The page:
I was recently reminded of this as I researched new Contact Management software for our company.
- Of course the first thing I did was write down all the features I thought we needed in this software, and made my list. Not a bad starting point.
- And then I surveyed my users. What are they using now? Why do they like it? What do they wish it did better? What are the other programs they use with which the new software would ideally integrate? What did they think of MY list? (It grew.)
- Then I surveyed others in the business that might be affected by this software or at least might want reports from it – managers, marketers, office manager, etc. More ideas.
OK, so now I had my shopping list, and I began to research. Simple, right? “I just need it to do these things.”
The first people we talked to:
“Well, our software does ALL that, and SO MUCH MORE!” They were SO excited! “You can measure this. You can dial this way. You can automate this. You can export data this way. You can access it this way.” And on, and on, and on. And we proceeded to get pulled into what I call “FeatureLand.”
My decision-making process became SO much more COMPLICATED! “Do all the other ones do all these things? Would we ever need to measure this? Maybe I should go ask more questions of my users.”
(Imagine how easy their sale might have been if they’d just said “yes” and then asked for my order!)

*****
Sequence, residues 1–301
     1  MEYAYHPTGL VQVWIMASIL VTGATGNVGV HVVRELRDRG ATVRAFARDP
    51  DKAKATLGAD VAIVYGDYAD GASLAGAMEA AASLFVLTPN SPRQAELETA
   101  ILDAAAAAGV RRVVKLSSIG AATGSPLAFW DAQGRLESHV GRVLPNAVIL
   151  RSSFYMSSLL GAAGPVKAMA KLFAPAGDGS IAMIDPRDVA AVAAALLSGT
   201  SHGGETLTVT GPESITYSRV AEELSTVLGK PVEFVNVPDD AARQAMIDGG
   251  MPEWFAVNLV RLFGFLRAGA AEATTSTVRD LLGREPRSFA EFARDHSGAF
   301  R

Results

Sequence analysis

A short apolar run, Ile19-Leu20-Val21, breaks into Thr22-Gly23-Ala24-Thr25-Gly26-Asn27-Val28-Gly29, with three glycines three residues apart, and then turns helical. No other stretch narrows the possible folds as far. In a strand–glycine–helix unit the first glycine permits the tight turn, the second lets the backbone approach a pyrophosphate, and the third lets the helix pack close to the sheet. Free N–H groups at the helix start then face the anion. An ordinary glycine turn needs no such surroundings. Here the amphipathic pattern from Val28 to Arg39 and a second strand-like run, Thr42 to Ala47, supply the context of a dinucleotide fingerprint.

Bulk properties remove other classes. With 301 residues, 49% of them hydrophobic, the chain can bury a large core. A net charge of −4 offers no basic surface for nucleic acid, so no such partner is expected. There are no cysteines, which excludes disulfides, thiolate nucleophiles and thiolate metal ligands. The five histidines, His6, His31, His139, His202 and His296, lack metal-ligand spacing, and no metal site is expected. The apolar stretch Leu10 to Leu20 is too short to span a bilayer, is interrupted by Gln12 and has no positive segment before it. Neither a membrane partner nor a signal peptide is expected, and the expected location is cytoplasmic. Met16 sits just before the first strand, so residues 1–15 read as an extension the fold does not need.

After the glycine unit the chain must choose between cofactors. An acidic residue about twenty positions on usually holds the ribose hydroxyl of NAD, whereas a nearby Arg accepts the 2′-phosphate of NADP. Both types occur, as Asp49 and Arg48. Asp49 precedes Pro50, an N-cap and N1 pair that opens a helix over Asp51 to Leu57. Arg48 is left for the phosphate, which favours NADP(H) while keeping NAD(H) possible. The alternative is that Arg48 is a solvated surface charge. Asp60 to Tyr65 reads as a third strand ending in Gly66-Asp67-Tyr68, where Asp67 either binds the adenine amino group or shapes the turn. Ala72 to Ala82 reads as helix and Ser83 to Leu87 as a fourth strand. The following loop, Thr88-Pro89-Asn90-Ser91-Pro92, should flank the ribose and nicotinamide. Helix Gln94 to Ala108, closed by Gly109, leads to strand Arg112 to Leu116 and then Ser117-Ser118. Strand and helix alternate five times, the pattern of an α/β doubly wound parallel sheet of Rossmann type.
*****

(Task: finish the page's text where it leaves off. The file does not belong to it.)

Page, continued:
Here’s my advice when you go shopping in business. In fact, it might translate into your personal stuff too.
- Most of us are creatures of habit, and we know what works for us. Stick to those things. There are plenty of challenges in business that will have you looking for solutions, and there are plenty of solutions too!
- Ask yourself — and others involved – lots of questions. Gather lots of likes, dislikes, wants and needs (and “don’t needs”), and make your list.
- Don’t get caught up in “feature overload.” Keep it simple. Know why cars come with 100+ bells and whistles these days, when you only routinely use the same six? It’s because they have to appeal to a huge audience with ONE product. Everybody uses their own six – they’re just different from yours. Most products are the same in this regard.
- Let your (business) needs drive your evaluation, and then get the best possible value. Don’t overbuy because “someday we might……” You probably won’t.
- If it is software, use it in its “off-the-shelf” mode as much as possible, with minimal customization. A lot of customization is cool, but turns into big, complicated (expensive) upgrades down the road.
- If you have a process you might want to automate, do it ON PAPER – literally or figuratively – for 90 days. If it’s valuable, you’ll keep doing it. THEN automate.
Buying feature-laden things can be complicated and overwhelming. Let your needs drive your decisions. Just because you can (measure it, export it, share it, back it up), doesn’t mean you should. Tools are there to serve you, not the other way around.
Please share your experiences with us. Comment below!